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Orthopaedic disorders in Ehlers–Danlos syndromes
By Karelle Benistan (Génétique Médicale), Geoffroy Nourissat (Chirurgie du membre supérieur), Christophe Nich (Chirurgie du membre inférieur), Valéria Martinez (Médecine de la Douleur), Nadra Gader (Médecine Physique et de Réadaptation) in category
Centre de référence des SED Hôpital Raymond Poincaré - Garches
Ehlers–Danlos syndromes (EDS) are a heterogeneous group of hereditary connective tissue diseases characterized by joint hypermobility, skin hyperelasticity and connective tissue fragility. They are due to defects in the biosynthesis and/or structure of proteins in the extracellular matrix. Inheritance is usually autosomal dominant. Worldwide prevalence is estimated at 1 in 5000.
There have been several successive classifications. The Villefranche classification, proposed in 1997, was used up until 2017. However, it is no longer relevant because, since 1997, we have been identifying new genes implicated in EDS. A new international classification was published in March 2017, which now recognizes 13 types of EDS: hypermobile, classical, vascular, kyphoscoliotic, arthrochalasia, dermatosparaxis, cardiac–valvular, classical-like, myopathic, musculocontractural, spondylodysplastic, periodontal and brittle cornea syndrome. Diagnosis of EDS is based on specific diagnostic criteria for each type (the 2017 EDS International Classification).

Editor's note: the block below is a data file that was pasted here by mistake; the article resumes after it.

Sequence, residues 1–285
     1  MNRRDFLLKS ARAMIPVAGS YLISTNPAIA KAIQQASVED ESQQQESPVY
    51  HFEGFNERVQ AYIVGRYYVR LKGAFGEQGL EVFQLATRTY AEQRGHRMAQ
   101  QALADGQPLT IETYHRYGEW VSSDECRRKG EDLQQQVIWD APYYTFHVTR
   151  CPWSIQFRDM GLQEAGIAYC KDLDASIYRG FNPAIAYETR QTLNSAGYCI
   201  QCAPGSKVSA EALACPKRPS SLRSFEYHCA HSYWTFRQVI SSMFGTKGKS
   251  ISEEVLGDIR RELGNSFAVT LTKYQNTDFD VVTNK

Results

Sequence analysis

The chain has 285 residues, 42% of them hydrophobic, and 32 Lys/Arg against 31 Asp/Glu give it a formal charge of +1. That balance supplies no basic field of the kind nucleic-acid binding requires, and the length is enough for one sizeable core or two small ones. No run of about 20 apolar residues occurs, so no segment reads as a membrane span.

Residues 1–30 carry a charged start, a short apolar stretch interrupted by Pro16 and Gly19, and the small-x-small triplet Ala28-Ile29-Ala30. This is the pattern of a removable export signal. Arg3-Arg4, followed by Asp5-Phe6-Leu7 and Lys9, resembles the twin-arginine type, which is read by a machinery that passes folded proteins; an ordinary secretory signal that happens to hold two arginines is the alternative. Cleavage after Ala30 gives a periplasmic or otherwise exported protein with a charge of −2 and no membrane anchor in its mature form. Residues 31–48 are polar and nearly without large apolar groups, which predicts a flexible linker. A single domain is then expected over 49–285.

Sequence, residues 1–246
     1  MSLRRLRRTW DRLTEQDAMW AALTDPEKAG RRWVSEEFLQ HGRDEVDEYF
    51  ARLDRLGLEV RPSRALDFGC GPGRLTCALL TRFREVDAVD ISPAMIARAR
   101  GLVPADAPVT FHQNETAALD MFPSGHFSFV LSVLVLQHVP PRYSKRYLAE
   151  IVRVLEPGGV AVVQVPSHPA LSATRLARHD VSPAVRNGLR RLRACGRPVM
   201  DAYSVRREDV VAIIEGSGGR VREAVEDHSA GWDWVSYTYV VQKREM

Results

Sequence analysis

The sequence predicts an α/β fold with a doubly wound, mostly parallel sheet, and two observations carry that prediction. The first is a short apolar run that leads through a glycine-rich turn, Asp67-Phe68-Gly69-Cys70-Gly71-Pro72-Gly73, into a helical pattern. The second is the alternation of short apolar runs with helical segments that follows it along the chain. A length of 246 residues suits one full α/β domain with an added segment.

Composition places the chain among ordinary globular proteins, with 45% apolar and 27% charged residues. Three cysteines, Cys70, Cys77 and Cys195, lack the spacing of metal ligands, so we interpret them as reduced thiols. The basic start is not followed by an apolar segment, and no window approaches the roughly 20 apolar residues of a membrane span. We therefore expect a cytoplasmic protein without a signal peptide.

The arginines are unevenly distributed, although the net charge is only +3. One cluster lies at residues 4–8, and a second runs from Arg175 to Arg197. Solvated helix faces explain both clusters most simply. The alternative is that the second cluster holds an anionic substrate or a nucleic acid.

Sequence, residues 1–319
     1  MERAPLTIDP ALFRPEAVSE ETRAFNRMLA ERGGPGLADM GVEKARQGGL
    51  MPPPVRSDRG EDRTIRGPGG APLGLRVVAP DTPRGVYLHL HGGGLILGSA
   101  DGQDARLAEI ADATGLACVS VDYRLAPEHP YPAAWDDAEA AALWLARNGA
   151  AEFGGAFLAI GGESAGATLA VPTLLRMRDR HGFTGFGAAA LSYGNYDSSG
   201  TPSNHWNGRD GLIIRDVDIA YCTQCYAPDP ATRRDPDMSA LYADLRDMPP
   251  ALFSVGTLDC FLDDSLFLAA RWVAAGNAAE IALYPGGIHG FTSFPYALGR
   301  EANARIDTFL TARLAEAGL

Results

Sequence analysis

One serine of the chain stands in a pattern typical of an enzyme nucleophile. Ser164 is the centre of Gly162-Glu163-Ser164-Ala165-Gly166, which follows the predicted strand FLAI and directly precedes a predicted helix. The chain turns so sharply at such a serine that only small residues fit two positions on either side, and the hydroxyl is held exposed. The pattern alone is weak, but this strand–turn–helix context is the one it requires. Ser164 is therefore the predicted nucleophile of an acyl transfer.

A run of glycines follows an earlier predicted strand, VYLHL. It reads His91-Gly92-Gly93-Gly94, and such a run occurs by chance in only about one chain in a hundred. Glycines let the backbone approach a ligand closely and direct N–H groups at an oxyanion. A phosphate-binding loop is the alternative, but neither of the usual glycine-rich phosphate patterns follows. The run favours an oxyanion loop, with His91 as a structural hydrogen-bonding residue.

Hypermobile Ehlers–Danlos syndrome (hEDS) is the most common (80–90% of EDS). Its molecular basis has yet to be confirmed (haploinsufficiency of the TNXB gene might explain 5% of hEDS). It begins in childhood and manifests as generalized joint...
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